28th Sunday of Ordinary Time

Fr. John will be away on Pilgrimage to the Holy Land until October 25 and so over the next three Sundays he will not be able to offer us his thoughtful and warm Pastor’s Notes. Please enjoy these wonderful excerpts from the homilies and addresses of the Pastor of the Universal Church, Pope Francis. This week’s is from the homily he gave on the Feast of St. Francis at the Basilica of St. Francis in Assisi: What does Saint Francis’s witness tell us today? What does he have to say to us, not merely with words – that is easy enough – but by his life? His first and most essential witness is this: that being a Christian means having a living relationship with the person of Jesus; it means putting on Christ, being conformed to him. Where did Francis’s journey to Christ begin? It began with the gaze of the crucified Jesus. With letting Jesus look at us at the very moment that he gives his life for us and draws us to himself. Francis experienced this in a special way in the Church of San Damiano, as he prayed before the cross which I too will have an opportunity to venerate. On that cross, Jesus is depicted not as dead, but alive! Blood is flowing from his wounded hands, feet and side, but that blood speaks of life. Jesus’ eyes are not closed but open, wide open: he looks at us in a way that touches our hearts. The cross does not speak to us about defeat and failure; paradoxically, it speaks to us about a death which is life, a death which gives life, for it speaks to us of love, the love of God incarnate, a love which does not die, but triumphs over evil and death. When we let the crucified Jesus gaze upon us, we are re-created, we become “a new creation”. Everything else starts with this: the experience of transforming grace, the experience of being loved for no merits of our own, in spite of our being sinners. That is why Saint Francis could say with Saint Paul: “Far be it for me to glory except in the cross of our Lord Jesus Christ” (Gal 6:14). We turn to you, Francis, and we ask you: Teach us to remain before the cross, to let the crucified Christ gaze upon us, to let ourselves be forgiven, and recreated by his love. This is the second witness that Francis gives us: that everyone who follows Christ receives true peace, the peace that Christ alone can give, a peace which the world cannot give. Many people, when they think of Saint Francis, think of peace; very few people however go deeper. What is the peace which Francis received, experienced and lived, and which he passes on to us? It is the peace of Christ, which is born of the greatest love of all, the love of the cross. It is the peace which the Risen Jesus gave to his disciples when he stood in their midst and said: “Peace be with you!”, and in saying this, he showed them his wounded hands and his pierced side (cf. Jn 20:19-20).Franciscan peace is not something saccharine. Hardly! That is not the real Saint Francis! Nor is it a kind of pantheistic harmony with forces of the cosmos… That is not Franciscan either; it is a notion some people have invented! The peace of Saint Francis is the peace of Christ, and it is found by those who “take up” their “yoke”, namely, Christ’s commandment: Love one another as I have loved you (cf. Jn 13:34; 15:12). This yoke cannot be borne with arrogance, presumption or pride, but only with meekness and humbleness of heart. We turn to you, Francis, and we ask you: Teach us to be “instruments of peace”, of that peace which has its source in God, the peace which Jesus has brought us. God Bless & Take Care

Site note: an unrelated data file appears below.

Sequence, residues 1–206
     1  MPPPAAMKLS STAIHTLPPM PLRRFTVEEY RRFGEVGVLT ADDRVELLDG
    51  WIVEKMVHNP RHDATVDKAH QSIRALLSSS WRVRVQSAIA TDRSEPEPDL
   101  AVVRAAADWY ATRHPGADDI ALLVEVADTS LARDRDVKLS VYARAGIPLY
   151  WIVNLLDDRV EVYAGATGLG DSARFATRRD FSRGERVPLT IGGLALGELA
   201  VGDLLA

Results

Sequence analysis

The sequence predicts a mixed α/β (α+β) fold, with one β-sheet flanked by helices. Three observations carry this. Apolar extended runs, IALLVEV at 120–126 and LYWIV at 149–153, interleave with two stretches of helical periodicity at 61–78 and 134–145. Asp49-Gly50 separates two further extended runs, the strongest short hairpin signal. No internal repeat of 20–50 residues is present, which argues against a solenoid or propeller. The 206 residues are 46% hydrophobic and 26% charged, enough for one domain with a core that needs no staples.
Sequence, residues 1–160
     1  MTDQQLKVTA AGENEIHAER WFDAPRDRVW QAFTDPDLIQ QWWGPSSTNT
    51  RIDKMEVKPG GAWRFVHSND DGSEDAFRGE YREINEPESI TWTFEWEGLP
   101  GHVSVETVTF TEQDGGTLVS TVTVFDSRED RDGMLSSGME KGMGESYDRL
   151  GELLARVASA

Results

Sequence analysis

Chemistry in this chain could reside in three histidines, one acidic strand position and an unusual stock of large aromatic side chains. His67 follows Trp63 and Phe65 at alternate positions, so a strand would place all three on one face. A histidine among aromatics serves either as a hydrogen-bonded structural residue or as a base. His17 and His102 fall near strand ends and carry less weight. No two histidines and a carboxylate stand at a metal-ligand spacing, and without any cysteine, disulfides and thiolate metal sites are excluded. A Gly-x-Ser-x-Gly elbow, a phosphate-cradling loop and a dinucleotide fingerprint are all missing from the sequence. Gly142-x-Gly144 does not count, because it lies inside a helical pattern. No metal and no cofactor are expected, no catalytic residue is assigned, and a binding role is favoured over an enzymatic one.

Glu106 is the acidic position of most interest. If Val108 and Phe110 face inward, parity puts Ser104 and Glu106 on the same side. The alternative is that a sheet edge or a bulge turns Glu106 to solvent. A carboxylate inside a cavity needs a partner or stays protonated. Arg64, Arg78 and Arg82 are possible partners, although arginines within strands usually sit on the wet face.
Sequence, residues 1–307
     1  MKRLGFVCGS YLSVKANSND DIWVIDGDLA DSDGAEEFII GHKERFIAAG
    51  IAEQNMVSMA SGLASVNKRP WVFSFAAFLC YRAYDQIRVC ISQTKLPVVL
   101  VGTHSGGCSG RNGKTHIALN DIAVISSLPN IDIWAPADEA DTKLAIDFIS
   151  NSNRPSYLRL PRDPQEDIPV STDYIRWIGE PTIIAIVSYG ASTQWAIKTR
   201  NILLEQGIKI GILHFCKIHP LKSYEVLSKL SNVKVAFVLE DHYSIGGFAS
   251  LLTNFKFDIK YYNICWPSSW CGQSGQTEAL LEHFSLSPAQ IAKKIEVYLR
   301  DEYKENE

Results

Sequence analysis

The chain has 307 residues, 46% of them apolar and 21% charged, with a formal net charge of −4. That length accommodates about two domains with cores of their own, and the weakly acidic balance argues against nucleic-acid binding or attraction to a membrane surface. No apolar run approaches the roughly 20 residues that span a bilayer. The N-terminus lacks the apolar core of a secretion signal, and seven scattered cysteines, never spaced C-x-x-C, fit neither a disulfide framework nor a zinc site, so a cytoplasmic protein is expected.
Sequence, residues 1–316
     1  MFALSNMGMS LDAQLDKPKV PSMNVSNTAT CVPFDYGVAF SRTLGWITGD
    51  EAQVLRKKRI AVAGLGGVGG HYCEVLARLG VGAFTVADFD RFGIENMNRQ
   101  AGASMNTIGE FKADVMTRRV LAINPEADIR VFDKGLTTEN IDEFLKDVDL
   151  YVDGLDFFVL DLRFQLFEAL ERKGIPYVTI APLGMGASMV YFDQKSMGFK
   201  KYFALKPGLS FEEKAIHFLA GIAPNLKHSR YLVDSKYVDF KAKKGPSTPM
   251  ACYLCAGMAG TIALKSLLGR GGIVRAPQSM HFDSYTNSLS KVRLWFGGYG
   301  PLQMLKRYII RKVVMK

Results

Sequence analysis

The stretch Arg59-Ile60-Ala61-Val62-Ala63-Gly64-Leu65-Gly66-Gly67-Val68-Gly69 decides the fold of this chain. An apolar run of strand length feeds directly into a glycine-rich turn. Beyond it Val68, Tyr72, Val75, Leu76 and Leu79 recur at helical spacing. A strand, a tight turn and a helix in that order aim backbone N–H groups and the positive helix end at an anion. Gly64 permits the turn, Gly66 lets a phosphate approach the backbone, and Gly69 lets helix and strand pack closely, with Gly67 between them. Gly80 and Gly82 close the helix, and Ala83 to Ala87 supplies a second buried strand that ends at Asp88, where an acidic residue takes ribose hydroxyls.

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Parish Bulletin for the Twenty-Eighth Sunday of Ordinary Time307.09 KB

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